Oh, those Russians

December 6, 2017 โ€” by

Tuesday evening saw the historic decision to ban the Russian Olympic Committee (ROC) from sending a team to the upcoming Winter Olympics in Pyeongchang, South Korea. Systemic doping allegations have plagued the Russian Federation for a number of years now, blighting their Olympic and now Winter Olympic teams and casting doubt over the legitimacy of their entire anti-doping programme. Athletes who tested negative for banned substances outside of Russia may be able to enter the Games in Pyeongchang under the neutral flag, but they will need to prove their eligibility in hearings and will compete as “Olympic Athlete[s] from Russia” (OAC).

For more information about the story, click here.

How did social media respond?

Twitter users reacted with negativity (18%) more than they did with positivity (7%). 75% of tweets were registered as neutral, suggesting that most users held balanced views about the results of the investigation or perhaps weren’t surprised at the findings, seeing as these allegations have been hanging around the Russian sporting world for a number of years now.

The most used term was “boycott”, for multiple reasons. Some users attempted to take over the conversation, registering their complaints about the South Korean’s acceptance of eating dog, whilst others joked that the USA would boycott the games in solidarity with the Russians on President Trump’s orders.

There were plenty of users who took to Twitter to voice their irritation with the Russian system of doping and cheating, arguing that more should be done to keep their malign influence away from international sporting competitions, particularly with the 2018 World Cup due to take place in Russia next year. There were also obvious similarities between this story and the ongoing investigation in America about the alleged hacking and interference of the 2016 presidential election.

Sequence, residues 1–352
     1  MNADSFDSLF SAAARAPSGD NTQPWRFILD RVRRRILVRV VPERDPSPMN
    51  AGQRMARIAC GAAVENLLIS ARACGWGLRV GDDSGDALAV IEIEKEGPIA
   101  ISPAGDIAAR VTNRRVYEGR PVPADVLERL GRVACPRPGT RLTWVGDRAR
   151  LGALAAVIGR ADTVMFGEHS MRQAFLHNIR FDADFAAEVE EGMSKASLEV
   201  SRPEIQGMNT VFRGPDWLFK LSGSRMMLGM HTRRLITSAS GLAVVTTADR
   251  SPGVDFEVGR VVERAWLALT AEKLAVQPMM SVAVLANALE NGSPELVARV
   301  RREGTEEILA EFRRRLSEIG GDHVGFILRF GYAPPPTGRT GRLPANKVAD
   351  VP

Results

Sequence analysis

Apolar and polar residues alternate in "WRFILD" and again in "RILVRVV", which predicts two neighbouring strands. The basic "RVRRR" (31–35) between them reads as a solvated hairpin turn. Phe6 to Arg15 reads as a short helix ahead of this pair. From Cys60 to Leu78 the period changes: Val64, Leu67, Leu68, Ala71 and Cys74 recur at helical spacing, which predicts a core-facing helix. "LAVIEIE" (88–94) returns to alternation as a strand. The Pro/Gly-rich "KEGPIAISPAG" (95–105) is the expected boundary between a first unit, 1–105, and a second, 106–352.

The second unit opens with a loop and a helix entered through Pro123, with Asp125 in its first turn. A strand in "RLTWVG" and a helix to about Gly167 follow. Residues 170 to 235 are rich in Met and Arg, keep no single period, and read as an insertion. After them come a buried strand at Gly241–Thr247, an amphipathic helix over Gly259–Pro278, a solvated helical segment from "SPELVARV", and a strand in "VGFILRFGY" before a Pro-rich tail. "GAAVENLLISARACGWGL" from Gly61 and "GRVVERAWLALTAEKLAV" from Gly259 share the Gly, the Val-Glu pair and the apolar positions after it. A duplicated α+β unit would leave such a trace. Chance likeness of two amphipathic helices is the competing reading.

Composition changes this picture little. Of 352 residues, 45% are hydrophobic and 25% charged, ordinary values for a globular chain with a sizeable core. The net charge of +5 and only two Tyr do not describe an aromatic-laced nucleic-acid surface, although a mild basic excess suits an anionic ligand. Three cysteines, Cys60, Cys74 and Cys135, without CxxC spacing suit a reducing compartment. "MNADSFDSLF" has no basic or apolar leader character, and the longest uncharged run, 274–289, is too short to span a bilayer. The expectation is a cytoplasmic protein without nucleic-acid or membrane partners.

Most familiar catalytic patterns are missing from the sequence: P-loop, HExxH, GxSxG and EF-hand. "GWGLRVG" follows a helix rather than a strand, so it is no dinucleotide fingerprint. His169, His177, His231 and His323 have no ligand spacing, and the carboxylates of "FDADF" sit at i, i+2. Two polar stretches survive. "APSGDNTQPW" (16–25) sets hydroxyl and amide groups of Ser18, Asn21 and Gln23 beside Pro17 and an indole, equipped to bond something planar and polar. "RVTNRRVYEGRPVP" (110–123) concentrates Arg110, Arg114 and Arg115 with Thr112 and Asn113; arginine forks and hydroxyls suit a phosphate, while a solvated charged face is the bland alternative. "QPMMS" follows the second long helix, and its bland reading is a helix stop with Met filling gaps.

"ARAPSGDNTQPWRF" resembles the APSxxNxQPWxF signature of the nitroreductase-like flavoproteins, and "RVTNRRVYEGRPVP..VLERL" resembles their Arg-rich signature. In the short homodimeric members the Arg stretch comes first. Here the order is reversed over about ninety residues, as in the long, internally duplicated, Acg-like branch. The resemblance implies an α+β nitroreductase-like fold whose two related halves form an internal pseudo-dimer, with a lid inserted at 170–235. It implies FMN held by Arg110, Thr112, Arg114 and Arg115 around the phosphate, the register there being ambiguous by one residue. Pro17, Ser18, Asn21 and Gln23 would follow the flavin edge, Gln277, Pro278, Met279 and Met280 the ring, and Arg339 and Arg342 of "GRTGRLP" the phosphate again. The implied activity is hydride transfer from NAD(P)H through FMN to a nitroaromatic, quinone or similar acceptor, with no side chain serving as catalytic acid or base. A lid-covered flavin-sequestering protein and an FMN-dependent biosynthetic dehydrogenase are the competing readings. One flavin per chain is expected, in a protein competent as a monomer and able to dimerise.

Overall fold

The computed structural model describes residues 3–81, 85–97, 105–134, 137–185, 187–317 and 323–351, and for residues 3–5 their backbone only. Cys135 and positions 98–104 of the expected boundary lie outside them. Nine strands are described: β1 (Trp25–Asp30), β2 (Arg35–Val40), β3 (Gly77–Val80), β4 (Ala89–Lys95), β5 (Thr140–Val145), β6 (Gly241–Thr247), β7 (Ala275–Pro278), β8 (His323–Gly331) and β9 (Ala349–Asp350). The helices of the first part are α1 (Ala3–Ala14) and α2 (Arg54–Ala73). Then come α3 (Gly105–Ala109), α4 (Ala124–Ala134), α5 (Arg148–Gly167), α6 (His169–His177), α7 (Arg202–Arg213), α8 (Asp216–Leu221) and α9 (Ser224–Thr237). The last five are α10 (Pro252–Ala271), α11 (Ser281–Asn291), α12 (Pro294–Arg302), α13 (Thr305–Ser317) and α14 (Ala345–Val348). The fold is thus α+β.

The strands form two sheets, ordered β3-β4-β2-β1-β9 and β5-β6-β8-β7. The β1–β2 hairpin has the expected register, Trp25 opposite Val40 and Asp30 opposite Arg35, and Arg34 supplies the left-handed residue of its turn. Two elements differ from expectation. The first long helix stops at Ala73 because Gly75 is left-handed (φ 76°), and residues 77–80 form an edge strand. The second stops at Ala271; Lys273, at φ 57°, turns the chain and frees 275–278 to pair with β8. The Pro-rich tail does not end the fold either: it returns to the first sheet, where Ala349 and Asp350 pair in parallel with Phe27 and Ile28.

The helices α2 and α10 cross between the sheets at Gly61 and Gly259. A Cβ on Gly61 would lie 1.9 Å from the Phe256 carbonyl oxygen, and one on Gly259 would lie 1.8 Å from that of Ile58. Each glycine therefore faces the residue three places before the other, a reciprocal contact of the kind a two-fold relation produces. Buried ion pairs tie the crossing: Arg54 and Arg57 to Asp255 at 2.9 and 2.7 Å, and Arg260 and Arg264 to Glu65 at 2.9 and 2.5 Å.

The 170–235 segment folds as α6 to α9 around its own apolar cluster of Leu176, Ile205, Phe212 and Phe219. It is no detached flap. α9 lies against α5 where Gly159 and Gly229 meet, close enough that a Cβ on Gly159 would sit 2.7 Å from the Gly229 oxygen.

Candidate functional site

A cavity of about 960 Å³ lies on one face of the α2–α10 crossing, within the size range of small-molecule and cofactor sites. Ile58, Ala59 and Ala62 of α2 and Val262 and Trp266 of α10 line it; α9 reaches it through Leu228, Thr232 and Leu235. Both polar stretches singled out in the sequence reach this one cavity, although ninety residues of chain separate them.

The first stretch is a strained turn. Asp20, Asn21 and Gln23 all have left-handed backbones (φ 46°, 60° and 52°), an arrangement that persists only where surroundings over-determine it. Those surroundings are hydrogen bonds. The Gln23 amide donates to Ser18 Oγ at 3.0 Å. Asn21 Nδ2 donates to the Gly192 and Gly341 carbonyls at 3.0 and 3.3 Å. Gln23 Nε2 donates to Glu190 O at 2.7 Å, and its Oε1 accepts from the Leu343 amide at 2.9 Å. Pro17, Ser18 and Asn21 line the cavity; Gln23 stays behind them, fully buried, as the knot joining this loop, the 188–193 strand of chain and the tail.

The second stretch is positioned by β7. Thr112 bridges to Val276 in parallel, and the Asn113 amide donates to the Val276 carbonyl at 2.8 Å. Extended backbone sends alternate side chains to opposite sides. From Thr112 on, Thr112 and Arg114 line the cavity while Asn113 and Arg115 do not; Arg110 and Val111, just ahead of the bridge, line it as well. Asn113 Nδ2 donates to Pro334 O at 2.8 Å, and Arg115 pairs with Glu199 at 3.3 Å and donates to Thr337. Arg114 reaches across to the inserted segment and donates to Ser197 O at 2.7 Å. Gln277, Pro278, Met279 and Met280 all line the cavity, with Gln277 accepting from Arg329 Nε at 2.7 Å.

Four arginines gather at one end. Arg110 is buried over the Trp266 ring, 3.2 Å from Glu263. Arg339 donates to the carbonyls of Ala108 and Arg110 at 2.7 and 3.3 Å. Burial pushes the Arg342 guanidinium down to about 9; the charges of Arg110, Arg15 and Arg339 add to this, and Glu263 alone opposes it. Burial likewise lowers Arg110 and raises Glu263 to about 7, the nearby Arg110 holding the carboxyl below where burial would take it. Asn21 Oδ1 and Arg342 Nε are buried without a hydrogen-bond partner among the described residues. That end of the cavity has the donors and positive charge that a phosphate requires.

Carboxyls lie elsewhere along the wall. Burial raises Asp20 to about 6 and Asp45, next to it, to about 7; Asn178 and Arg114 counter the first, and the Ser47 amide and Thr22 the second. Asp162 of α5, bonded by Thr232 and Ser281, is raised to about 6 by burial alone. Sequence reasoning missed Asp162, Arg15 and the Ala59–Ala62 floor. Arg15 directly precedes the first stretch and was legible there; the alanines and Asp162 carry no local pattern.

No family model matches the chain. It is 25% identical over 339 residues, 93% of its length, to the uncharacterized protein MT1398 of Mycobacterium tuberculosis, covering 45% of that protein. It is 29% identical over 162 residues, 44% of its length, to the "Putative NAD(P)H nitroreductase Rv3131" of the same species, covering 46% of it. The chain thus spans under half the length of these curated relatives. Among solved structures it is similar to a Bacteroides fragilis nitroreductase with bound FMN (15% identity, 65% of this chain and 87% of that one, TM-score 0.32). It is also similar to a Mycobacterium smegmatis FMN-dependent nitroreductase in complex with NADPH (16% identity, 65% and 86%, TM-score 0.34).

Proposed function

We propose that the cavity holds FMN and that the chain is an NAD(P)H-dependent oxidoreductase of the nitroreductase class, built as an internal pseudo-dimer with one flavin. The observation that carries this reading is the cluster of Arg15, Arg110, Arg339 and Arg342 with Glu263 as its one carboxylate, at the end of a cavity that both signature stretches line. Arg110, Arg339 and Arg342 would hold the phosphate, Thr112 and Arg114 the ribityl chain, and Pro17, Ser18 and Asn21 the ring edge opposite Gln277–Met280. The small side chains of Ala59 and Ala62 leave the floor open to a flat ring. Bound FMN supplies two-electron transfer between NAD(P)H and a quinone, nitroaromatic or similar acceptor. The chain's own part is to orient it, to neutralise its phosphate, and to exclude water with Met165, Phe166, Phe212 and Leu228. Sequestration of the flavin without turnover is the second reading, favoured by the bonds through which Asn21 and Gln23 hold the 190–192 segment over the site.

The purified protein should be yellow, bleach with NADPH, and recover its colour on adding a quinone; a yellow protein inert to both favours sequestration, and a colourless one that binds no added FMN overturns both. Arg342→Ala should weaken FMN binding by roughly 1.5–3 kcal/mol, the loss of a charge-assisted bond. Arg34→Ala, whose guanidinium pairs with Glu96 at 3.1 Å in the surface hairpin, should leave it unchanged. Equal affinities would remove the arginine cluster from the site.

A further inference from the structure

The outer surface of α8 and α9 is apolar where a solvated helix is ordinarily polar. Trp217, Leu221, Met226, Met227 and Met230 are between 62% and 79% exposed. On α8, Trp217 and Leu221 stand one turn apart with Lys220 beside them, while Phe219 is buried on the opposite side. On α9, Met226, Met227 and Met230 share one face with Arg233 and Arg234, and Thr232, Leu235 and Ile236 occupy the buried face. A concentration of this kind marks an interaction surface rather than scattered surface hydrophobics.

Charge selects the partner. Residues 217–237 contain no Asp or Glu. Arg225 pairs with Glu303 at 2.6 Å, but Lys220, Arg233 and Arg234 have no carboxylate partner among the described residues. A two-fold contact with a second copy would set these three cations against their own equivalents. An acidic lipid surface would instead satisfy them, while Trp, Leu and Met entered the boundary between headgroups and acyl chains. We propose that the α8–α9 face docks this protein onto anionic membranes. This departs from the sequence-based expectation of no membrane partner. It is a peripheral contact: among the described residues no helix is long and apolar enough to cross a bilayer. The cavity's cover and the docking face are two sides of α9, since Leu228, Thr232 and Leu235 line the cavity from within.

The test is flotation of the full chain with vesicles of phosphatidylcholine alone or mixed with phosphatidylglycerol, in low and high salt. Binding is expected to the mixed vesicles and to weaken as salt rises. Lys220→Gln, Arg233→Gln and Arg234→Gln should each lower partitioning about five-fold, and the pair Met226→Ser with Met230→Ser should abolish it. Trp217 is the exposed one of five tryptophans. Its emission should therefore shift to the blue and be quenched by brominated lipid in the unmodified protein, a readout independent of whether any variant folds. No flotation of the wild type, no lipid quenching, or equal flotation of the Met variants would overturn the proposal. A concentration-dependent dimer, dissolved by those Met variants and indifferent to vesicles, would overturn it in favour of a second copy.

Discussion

Some, inevitably, made light of the situation:

Some users, however, were disappointed that they might not be able to see some of the world’s best winter sport athletes compete, given the Russian success and skill in so many of the disciplines. Hopefully for this fan, Medvedeva might be able to compete as an OAC…

Emotionally, users expressed anger most frequently. 40.8% of emotion bearing tweets were angry, with a further 12.9% sharing disgust. 14.5% of tweets demonstrated sadness, underlining just how many users were disappointed and angry with the ROC and the widespread doping they encouraged and fostered amongst their athletes.

This map shows just how many users around the world engaged with the doping scandal and responded to the news on Twitter. The top two emotional words in Russia were “appalled” and “revenge”, perhaps indicating that the Russian people are divided on the issue.

“Russia” and “scandal” seem to go hand in hand in headlines around the world at the moment, but this decision by the International Olympic Committee indicates just how tough they can be on countries which attempt to systematically cheat the system.

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